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Exploring the causal role of multiple metabolites on ovarian cancer: a two sample Mendelian randomization study



The mechanisms and risk factors underlying ovarian cancer (OC) remain under investigation, making the identification of new prognostic biomarkers and improved predictive factors critically important. Recently, circulating metabolites have shown potential in predicting survival outcomes and may be associated with the pathogenesis of OC. However, research into their genetic determinants is limited, and there are some inadequacies in understanding the distinct subtypes of OC. In this context, we conducted a Mendelian randomization study aiming to provide evidence for the relationship between genetically determined metabolites (GDMs) and the risk of OC and its subtypes.


In this study, we consolidated genetic statistical data of GDMs with OC and its subtypes through a genome-wide association study (GWAS) and conducted a two-sample Mendelian randomization (MR) analysis. The inverse variance weighted (IVW) method served as the primary approach, with MR-Egger and weighted median methods employed for cross-validation to determine whether a causal relationship exists between the metabolites and OC risk. Moreover, a range of sensitivity analyses were conducted to validate the robustness of the results. MR-Egger intercept, and Cochran’s Q statistical analysis were used to evaluate possible heterogeneity and pleiotropy. False discovery rate (FDR) correction was applied to validate the findings. We also conducted a reverse MR analysis to validate whether the observed blood metabolite levels were influenced by OC risk. Additionally, metabolic pathway analysis was carried out using the MetaboAnalyst 5.0 software.


In MR analysis, we discovered 18 suggestive causal associations involving 14 known metabolites, 8 metabolites as potential risk factors, and 6 as potential cancer risk reducers. In addition, three significant pathways, "caffeine metabolism," "arginine biosynthesis," and "citrate cycle (TCA cycle)" were associated with the development of mucinous ovarian cancer (MOC). The pathways "caffeine metabolism" and "alpha-linolenic acid metabolism" were associated with the onset of endometrioid ovarian cancer (OCED).


Our MR analysis revealed both protective and risk-associated metabolites, providing insights into the potential causal relationships between GDMs and the metabolic pathways related to OC and its subtypes. The metabolites that drive OC could be potential candidates for biomarkers.


Ovarian cancer (OC) is the most challenging and daunting disease among all gynecological malignancies [1]. Due to its lack of typical early clinical symptoms and specific detection methods [2], patients often miss the optimal opportunity for chemotherapy and molecular targeted therapy. Furthermore, because of the gaps in the identification of prognostic biomarkers and targeted drugs for OC, the high recurrence rate and the emergence of drug resistance lead to a poor prognosis for OC patients [3].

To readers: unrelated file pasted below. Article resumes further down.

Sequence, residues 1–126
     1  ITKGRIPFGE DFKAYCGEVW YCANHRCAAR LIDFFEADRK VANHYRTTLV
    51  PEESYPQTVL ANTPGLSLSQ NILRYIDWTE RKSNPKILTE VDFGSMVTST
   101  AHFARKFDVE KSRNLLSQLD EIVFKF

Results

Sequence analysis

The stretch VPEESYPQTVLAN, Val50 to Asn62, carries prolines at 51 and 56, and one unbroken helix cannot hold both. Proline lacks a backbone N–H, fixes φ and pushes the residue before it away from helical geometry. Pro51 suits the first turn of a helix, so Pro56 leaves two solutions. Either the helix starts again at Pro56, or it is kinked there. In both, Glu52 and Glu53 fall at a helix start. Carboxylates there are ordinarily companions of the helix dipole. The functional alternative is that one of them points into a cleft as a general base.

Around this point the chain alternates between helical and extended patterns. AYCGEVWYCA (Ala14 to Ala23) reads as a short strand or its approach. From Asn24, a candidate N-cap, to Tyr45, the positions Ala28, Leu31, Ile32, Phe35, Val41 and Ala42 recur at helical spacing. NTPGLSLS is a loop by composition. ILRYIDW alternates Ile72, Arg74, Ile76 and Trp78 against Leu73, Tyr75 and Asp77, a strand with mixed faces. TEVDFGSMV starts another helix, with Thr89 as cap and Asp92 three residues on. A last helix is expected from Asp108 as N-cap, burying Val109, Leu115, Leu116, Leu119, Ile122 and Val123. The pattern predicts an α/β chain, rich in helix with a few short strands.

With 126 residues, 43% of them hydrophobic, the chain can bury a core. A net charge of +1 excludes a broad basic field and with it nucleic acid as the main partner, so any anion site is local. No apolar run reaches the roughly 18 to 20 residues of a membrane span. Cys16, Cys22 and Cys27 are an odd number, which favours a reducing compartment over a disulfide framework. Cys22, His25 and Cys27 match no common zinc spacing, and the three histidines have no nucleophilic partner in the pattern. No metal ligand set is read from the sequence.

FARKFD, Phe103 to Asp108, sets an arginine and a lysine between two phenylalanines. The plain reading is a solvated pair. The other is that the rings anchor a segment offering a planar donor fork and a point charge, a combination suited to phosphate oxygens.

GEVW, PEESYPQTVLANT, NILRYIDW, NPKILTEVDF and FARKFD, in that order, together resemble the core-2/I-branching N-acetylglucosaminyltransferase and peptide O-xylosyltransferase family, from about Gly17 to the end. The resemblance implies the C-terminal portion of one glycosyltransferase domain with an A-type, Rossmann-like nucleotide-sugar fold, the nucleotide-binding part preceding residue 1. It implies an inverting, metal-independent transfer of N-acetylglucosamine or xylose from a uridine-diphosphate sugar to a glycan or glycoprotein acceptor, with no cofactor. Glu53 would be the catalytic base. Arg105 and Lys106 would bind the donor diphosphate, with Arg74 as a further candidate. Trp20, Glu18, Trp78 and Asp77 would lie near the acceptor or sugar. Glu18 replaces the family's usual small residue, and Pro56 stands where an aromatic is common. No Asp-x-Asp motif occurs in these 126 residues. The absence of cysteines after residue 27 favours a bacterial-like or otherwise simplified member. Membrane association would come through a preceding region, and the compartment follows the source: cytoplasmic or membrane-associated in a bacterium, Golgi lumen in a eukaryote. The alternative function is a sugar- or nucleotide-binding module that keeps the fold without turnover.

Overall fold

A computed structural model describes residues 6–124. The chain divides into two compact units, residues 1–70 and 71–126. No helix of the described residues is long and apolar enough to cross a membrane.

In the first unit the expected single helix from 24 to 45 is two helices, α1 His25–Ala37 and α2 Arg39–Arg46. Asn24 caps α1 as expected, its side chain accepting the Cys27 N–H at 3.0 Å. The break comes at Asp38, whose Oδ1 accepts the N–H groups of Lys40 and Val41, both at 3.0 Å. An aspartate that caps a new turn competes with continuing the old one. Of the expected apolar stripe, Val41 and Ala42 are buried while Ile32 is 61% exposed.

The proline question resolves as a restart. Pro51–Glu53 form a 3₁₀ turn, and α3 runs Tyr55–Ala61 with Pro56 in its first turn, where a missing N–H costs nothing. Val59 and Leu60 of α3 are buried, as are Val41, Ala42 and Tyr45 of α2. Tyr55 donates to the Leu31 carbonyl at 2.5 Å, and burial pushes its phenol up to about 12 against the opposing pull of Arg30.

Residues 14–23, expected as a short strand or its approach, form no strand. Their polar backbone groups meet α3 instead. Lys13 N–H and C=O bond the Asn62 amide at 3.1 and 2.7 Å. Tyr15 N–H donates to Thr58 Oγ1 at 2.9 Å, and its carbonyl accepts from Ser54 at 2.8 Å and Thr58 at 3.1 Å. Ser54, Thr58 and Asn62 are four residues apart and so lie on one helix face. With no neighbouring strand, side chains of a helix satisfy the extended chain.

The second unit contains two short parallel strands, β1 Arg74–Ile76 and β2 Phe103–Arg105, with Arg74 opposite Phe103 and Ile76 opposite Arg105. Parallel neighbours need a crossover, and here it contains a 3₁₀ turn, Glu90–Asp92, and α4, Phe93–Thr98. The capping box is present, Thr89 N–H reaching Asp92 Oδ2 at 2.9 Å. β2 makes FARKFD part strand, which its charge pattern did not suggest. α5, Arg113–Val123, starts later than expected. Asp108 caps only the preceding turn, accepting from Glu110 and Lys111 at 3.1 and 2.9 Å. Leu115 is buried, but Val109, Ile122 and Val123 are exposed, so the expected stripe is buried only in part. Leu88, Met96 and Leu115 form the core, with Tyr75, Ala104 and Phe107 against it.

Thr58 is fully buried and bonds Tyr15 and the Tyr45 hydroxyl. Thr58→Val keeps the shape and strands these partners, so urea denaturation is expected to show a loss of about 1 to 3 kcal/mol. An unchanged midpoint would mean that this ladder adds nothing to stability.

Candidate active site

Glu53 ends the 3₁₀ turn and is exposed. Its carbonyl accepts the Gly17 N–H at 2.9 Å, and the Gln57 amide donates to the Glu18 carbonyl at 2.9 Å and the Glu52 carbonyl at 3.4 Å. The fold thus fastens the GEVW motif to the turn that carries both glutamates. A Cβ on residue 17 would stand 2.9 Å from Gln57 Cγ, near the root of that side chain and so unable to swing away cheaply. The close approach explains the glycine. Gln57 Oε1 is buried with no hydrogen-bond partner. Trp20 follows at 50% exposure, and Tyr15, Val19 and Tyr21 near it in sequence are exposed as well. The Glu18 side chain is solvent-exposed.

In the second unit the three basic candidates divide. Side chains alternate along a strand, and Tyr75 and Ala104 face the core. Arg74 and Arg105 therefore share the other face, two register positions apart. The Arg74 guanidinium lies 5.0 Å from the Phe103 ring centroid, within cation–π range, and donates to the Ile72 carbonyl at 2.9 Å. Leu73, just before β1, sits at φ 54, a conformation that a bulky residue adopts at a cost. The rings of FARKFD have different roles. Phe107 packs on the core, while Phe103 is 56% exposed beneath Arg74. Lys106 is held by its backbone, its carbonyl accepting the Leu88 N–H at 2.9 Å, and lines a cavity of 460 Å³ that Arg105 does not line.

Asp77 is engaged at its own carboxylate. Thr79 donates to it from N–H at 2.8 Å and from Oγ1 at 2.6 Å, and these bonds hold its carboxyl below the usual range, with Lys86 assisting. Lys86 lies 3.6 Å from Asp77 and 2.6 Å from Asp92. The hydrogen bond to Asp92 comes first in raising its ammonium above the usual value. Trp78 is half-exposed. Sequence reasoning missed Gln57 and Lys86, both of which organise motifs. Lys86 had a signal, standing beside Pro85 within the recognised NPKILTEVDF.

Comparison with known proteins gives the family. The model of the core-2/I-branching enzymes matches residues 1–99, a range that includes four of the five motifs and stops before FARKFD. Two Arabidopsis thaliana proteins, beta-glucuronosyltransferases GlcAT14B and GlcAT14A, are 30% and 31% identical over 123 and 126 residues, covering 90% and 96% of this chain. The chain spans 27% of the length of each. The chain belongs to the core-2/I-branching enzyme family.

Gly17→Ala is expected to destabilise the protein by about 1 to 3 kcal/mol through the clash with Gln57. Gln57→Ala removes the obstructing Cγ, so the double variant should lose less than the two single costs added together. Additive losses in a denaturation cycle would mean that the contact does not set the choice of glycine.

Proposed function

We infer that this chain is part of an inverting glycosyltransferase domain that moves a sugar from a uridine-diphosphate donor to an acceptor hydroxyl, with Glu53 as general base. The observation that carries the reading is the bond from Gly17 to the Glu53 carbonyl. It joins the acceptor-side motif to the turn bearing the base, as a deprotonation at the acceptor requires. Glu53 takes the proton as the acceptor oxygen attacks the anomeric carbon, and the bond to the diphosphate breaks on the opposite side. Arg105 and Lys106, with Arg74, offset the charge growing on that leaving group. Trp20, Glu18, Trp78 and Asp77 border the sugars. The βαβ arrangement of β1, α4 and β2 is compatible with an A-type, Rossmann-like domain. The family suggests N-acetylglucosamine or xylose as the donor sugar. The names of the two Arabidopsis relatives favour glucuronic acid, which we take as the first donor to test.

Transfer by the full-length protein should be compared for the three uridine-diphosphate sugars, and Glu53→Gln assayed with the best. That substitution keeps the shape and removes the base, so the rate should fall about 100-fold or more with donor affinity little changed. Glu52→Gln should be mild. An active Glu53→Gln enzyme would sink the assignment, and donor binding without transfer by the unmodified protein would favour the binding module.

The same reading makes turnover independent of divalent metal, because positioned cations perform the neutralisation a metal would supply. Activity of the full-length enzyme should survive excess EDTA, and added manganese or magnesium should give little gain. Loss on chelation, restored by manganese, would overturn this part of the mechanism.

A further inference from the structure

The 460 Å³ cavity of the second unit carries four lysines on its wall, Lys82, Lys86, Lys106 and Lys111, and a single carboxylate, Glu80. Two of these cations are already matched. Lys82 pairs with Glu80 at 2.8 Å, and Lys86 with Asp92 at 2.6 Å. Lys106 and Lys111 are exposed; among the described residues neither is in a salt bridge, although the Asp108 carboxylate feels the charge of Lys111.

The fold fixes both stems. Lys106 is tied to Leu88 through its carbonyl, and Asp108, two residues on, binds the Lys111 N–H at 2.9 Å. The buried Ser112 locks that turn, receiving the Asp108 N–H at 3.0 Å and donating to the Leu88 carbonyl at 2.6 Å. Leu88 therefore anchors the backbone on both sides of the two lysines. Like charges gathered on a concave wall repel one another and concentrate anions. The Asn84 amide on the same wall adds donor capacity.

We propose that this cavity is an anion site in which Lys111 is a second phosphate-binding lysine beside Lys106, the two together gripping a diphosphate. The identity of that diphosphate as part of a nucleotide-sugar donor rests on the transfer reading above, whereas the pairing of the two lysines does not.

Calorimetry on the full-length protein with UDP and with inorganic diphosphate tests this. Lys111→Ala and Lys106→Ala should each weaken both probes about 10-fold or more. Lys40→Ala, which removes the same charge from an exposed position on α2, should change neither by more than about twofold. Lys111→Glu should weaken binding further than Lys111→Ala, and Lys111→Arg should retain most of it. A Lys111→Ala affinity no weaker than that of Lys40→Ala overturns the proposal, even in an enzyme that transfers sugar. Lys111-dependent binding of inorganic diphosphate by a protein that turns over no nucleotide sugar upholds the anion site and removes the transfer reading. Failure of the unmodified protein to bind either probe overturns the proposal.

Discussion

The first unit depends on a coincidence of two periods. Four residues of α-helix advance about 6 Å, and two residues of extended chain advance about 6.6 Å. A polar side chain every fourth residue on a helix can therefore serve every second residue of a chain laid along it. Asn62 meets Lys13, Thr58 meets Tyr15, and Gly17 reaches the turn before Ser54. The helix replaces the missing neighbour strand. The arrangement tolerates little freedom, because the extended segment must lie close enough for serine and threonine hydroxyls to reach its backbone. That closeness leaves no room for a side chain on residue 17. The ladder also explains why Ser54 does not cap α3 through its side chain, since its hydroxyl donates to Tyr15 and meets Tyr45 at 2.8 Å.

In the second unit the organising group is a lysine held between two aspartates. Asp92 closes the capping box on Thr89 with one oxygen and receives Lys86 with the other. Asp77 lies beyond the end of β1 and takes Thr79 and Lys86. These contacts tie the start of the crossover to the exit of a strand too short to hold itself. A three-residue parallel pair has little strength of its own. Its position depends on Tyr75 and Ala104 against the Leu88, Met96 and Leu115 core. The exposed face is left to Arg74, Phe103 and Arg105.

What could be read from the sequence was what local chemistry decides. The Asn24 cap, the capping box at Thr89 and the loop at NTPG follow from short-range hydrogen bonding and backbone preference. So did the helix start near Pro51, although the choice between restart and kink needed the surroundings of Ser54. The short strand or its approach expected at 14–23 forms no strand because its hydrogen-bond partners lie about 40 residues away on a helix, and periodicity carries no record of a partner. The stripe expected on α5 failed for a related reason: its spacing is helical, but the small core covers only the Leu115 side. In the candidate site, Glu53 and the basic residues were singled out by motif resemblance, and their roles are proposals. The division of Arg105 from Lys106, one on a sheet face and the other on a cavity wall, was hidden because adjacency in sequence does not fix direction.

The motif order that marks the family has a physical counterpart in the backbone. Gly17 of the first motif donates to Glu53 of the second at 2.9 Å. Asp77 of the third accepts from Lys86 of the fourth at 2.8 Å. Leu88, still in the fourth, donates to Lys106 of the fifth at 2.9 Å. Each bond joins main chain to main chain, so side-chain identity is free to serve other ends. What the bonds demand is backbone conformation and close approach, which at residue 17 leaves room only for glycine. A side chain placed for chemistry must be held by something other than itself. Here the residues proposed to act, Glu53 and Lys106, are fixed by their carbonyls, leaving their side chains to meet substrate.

Ovarian carcinogenesis is a complex multifactorial process, the possible causes include abnormal ovulatory cycles [4], chronic inflammation of the fallopian tubes [5], and gene mutations like Breast Cancer Gene 1 (BRCA1) [6]. Among these, metabolic dysregulation is considered one of the significant contributors [1, 7]. For instance, it is posited that local metabolic changes in the adipose tissue of obese individuals lead to various systemic metabolic alterations, such as insulin resistance, hyperglycemia, and chronic inflammation. These conditions more readily shape the tumor microenvironment, facilitating tumor initiation and progression [8]. In addition, cancer is fundamentally a disorder of cell growth and proliferation. During tumor initiation and development, cellular metabolism undergoes changes [9, 10], leading to meet the unrestrained proliferation energy needs of cancer cells and the synthesis of nucleic acids, proteins, and lipids. These metabolites act as cofactors or substrates, participating in enzymatic reactions involved in cancer cell epigenetic modifications and transcriptional regulation. Aberrant epigenetic regulatory modifications can further induce tumor development through metabolic reprogramming in cancer cells [11].

The molecular interaction network based on metabolomics offers fresh perspectives for elucidating the molecular mechanisms of OC treatment, discovering new therapeutic targets, and identifying reliable and effective biomarkers. Numerous metabolic groups and classes are associated with OC risk, including organic acids and their derivatives [12]. For example, studies have shown that circulating levels of pseudouridine in plasma are associated with a higher risk of developing OC 3-23 years prior to diagnosis [13]. Additionally, some scholars believe that the spectra of amino acids and organic acids can serve as potential screening tools for epithelial ovarian cancer (EOC) [14]. Currently, due to the following factors, these studies in OC remain less than satisfactory: (i) Intermediate metabolites have not been comprehensively studied. (ii) Most of the existing databases only contain distinct information about high-grade serous ovarian cancer (HGSOC) and lack histological types of other ovarian cancers. (iii) The absence of large-sample studies makes it difficult to explore the relationship between metabolites and OC in clinical practice [15].